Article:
Coke and Carbon

Can soda be green?

January/February 2017

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Coke and Carbon

SAGE ( Sound Advice for a Green Earth) is a project by advanced students in Earth Systems and other programs to answer sustainability questions. Submit questions.

Q: Are there any environmental implications associated with the consumption of diet soda as opposed to regular soda? Are there environmental consequences to manufacturing artificial sweeteners vs. using normal sugar? 

Asked by Alexa Jones, Stanford

The Essential Answer

A: We often talk about the health effects of regular soda and its diet alternatives. With Americans drinking more than 10 billion gallons of soft drinks every year, considering which type is more eco-friendly is important, too.

The sugar in regular soda comes from sugarcane, sugar beets or corn as high fructose corn syrup. Each crop has its own environmental impacts, including loss of wild habitat, pesticide use and fertilizer runoff. Sugarcane in particular requires lots of water and typically causes heavy erosion and water contamination where it grows. Sugar from cane “has arguably had as great an impact on the environment as any other agricultural commodity,” according to the conservation group WWF.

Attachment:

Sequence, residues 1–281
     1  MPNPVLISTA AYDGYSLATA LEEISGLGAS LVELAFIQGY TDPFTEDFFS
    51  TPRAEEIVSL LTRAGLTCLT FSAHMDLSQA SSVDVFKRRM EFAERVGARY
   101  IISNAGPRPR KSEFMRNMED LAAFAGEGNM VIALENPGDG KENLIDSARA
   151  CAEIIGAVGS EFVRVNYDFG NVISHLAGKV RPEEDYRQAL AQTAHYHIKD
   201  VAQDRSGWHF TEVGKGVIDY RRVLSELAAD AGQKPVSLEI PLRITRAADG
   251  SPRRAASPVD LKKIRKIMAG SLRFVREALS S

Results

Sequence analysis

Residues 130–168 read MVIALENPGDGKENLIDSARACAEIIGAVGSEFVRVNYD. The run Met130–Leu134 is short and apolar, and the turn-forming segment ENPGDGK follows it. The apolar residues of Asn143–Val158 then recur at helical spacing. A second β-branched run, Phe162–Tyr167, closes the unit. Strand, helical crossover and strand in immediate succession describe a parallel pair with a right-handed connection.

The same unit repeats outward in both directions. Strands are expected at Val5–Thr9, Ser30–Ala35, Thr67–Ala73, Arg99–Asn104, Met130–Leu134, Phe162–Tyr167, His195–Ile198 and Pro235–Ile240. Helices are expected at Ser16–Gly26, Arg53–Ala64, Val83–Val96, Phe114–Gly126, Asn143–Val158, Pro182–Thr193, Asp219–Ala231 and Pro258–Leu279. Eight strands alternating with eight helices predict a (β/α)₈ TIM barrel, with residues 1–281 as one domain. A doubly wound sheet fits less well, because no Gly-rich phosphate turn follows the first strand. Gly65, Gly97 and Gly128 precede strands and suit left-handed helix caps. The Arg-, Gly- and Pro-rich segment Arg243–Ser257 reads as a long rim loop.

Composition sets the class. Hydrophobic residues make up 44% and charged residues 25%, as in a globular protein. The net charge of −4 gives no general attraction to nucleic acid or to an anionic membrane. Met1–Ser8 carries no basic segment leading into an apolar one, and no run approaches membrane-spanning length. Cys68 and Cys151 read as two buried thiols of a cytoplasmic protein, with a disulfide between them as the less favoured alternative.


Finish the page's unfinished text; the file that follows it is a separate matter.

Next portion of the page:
The environmental effects of producing artificial sweeteners are less clear-cut. The three most common sweeteners—aspartame, sucralose and acesulfame K—are generated in industrial laboratories. Aspartame, for example, is sugar fermented by bacteria and then chemically modified. Still, one 2009 study conducted for Coca-Cola by the Carbon Trust company found that Diet Coke had a modestly lower carbon footprint than regular Coke.